Tiger men suffer tough loss



The Fort Hays State University men's basketball team ranks third in NCAA Division II in free throw percentage at 79.4 percent, on pace to break the school record of 76.7 percent set last year. In MIAA play, the Tigers have made 80 percent of their foul shots, 4.6 percent better than second place Northeastern (Okla.) State University.

The difference between first and second is nearly bigger than the difference between second and ninth place.

Free throw shooting has helped the Tigers win multiple close games and put itself in contention for a NCAA Tournament berth.

On Friday, the Tigers' rare poor free throw shooting was the main reason for a 75-72 loss to Northeastern State on senior night at Gross Memorial Coliseum.

"We got beat at the foul line," coach Mark Johnson said.

Fort Hays finished 6 of 14 (43 percent), setting a season worst for free throws made and percentage in a single contest this winter. The Riverhawks -- led by 30 points on 10 of 10 foul shooting from the MIAA's leading scorer, senior guard Bryton Hobbs -- finished 22 of 26 from the free throw line.

"Maybe everybody was just kind of uptight," senior guard Carson Konrade said. "It was a big game. We've just to keep getting up shots in practice and after practice on our own, and continue to shoot well from the free throw line, because it's big."

The Tigers, ranked No. 6 in the Central Region, finished the regular season 22-5, 13-6 MIAA. Northeastern State moved to 14-12, 9-10 MIAA.

"We should be really proud of that," Johnson said. "You just hate the way it finished. Hopefully in a few days, we will look back on the season and feel much better than we do now. I think our guys should really feel good about the season."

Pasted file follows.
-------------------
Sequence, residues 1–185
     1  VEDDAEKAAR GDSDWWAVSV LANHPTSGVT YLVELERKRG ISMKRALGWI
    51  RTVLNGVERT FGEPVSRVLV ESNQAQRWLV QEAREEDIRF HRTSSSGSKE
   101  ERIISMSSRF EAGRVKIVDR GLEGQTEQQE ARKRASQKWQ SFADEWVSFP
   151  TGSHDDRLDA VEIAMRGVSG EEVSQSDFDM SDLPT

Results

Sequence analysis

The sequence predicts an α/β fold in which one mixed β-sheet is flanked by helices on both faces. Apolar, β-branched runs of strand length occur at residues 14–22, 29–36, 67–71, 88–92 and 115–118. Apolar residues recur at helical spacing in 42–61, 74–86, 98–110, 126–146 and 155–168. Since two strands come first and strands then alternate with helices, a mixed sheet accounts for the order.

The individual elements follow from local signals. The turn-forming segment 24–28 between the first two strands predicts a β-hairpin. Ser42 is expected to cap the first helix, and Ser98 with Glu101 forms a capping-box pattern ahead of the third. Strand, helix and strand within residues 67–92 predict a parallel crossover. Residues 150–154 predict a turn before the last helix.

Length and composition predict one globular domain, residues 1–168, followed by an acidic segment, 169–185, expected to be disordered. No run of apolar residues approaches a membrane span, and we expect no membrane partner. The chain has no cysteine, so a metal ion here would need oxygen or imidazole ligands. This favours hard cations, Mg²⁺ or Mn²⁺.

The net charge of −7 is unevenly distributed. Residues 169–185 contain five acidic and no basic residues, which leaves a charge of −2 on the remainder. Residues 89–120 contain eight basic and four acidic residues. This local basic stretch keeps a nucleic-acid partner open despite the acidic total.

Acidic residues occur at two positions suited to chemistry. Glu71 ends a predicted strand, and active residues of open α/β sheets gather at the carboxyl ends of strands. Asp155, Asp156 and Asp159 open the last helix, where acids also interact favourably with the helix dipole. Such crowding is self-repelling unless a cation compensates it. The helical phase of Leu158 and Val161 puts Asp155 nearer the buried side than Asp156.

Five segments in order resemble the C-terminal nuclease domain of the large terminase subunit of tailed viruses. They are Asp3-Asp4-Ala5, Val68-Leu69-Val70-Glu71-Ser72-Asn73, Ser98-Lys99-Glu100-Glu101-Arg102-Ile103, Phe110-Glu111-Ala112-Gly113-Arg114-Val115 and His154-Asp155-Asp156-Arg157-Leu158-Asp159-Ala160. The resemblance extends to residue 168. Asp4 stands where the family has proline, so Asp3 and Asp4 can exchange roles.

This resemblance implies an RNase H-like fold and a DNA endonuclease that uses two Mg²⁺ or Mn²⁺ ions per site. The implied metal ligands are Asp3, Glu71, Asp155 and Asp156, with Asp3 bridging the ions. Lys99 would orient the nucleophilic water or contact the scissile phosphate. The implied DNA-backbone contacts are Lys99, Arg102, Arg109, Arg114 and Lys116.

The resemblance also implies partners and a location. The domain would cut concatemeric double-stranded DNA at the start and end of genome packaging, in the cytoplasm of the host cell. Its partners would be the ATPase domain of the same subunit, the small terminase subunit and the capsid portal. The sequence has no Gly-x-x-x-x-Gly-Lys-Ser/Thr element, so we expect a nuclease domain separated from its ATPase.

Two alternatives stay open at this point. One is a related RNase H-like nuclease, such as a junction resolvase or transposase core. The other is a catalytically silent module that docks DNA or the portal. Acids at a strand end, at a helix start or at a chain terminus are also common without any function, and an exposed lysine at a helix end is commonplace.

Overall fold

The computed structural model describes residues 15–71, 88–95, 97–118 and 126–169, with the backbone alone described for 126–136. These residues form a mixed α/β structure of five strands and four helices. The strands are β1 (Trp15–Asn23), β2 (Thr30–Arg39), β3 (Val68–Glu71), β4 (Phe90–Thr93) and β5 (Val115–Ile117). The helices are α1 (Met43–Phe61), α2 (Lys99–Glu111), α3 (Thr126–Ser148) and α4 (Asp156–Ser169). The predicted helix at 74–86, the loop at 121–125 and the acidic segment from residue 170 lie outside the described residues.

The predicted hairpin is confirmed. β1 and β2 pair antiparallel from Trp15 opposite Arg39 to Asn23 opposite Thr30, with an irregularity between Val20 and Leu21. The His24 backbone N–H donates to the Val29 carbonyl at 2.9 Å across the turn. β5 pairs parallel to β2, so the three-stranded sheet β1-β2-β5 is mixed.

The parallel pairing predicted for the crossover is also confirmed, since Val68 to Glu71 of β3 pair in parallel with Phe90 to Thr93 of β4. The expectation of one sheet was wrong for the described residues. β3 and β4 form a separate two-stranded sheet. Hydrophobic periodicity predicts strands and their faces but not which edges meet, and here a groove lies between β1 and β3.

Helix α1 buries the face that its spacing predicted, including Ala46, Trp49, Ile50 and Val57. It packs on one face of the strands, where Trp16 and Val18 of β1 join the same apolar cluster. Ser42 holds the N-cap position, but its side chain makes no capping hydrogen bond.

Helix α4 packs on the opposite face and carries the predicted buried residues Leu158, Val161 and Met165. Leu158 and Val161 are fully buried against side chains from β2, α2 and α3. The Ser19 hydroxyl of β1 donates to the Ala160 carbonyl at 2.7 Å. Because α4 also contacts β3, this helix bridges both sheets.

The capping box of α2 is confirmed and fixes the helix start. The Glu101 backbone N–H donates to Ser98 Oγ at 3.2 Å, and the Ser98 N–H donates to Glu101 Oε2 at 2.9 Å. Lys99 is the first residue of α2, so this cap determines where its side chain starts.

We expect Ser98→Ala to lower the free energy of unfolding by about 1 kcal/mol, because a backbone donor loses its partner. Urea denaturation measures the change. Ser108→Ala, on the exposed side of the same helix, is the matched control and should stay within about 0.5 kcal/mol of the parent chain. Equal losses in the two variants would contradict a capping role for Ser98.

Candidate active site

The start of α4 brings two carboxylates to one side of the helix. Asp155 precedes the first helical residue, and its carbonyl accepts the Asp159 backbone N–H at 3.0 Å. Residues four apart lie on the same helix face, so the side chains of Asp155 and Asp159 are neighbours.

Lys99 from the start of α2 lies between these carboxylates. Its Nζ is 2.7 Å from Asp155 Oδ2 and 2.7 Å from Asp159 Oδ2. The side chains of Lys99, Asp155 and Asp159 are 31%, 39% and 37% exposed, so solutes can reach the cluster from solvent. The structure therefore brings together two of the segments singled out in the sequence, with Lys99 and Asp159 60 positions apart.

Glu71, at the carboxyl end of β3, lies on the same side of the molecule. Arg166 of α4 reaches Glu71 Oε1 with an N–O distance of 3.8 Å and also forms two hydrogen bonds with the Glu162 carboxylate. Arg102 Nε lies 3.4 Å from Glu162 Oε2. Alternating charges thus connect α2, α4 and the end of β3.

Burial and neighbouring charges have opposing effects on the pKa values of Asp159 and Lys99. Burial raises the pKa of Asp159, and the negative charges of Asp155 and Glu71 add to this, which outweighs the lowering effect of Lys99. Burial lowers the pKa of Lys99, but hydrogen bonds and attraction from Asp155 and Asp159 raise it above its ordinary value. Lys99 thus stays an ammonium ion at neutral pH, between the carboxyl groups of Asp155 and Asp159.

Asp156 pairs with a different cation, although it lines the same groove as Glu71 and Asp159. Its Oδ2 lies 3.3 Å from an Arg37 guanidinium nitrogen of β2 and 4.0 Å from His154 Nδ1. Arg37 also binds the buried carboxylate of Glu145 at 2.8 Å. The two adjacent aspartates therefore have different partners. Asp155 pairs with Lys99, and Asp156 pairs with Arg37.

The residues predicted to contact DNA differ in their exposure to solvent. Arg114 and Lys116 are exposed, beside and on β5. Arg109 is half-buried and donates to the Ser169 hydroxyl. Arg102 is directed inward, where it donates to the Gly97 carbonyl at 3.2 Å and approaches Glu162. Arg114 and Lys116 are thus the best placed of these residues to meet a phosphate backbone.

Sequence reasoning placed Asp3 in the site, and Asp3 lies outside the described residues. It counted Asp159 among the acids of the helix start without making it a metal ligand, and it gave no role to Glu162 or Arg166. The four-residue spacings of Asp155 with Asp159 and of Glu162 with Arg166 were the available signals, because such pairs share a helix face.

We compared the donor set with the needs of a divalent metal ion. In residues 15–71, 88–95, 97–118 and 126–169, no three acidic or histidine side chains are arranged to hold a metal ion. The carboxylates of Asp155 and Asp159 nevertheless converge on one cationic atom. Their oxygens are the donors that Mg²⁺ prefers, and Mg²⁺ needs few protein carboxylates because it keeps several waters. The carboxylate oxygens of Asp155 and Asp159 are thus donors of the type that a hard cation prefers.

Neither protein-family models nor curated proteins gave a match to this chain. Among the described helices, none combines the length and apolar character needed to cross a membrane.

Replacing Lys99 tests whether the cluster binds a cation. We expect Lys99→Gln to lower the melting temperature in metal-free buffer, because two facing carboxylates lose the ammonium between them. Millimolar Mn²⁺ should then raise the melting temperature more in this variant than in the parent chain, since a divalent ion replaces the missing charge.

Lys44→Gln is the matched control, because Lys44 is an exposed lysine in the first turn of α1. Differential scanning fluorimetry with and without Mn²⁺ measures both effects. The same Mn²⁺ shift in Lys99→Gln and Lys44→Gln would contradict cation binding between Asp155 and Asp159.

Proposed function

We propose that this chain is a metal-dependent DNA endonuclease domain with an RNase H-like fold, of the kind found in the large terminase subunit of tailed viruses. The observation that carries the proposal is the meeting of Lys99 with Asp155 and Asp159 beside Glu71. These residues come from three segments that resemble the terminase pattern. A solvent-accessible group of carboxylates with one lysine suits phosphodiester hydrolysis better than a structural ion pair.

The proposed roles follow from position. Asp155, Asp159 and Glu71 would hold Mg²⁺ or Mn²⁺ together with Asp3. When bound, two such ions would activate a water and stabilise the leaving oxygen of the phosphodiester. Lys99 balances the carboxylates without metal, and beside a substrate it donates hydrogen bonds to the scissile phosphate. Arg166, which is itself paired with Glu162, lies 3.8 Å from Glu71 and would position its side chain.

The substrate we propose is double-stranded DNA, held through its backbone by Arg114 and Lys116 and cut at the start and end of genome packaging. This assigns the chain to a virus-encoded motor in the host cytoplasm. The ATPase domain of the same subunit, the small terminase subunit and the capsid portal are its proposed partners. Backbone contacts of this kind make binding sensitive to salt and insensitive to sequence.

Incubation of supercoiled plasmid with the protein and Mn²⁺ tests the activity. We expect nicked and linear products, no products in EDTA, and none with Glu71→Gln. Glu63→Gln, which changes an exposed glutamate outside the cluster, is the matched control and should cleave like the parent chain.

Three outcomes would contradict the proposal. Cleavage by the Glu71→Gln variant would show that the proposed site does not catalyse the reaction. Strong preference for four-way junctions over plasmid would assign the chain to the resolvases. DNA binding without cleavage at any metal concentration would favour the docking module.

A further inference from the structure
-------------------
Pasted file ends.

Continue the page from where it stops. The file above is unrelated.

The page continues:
FHSU had clinched the fourth seed and first-round conference tournament bye with an emotional 80-79 victory Wednesday night against University of Central Oklahoma. The Tigers will play next in the quartefinals of the conference tournament Friday in Kansas City, Mo.

Sophomore point guard Craig Nicholson, the team's leading scorer and school single season record holder with 185 made foul shots, fouled out with 79 seconds left on an offensive foul. It was the second occasion this season and third time in his career he fouled out. Nicholson also tweaked his groin in the first half and collected 13 points, including just 1 of 4 from the foul line.

"You can tell in the second half, he wasn't near the player he was," Johnson said.

Junior guard James Fleming took over point guard duties with the Tigers down 69-68 and led a pair of possessions that ended in baskets from senior forward Dwayne Brunson (22 points, nine rebounds).

"Not having Craig is a really big loss," Konrade said. "He is a great leader. We look to him when it comes down to the end. James did a great job, too, also. It's tough. You always want everybody to be in the game when it comes down to the end, but unfortunately, they had some controversial calls that could have gone either way and just didn't go for us tonight."

Konrade had a potential game-tying trey on the right wing, but it hit off the front of the rim just before the buzzer sounded.

"When I let it go, I knew it was on line," Konrade said. "It was just a little bit short. I was hoping that it was going in."

FHSU led by as many as 11 in the first half and took a 43-36 halftime lead. After the break, the Riverhawks continued their hot shooting versus the Tigers' man and zone defenses. Northeastern shot 55 percent for the game and 53 percent (9 of 17) on treys.

NSU never led by more than three points, but kept it close with Hobbs' playmaking and the free throw disparity.

"When we did our few opportunities, we didn't shoot them well enough," Johnson said. "...Coming down the stretch, instead of that being a one or two point game, we shoot our free throws like we have been all year, now it's an eight point game and you just kind of hang on until the end. Give Northeastern a lot of credit. I thought they battled."

The Riverhawks took the lead for good when Hobbs tallied a layup for a 69-68 lead with 1:40 left.

"He is a great player," Konrade said of Hobbs. "He is really quick. He can shoot the ball, he can drive the ball. He has got a bunch of great guys to play with. They moved really well, and when they are all moving, they can get him open. They flow really well. They play as a team really well. They are just hard to guard."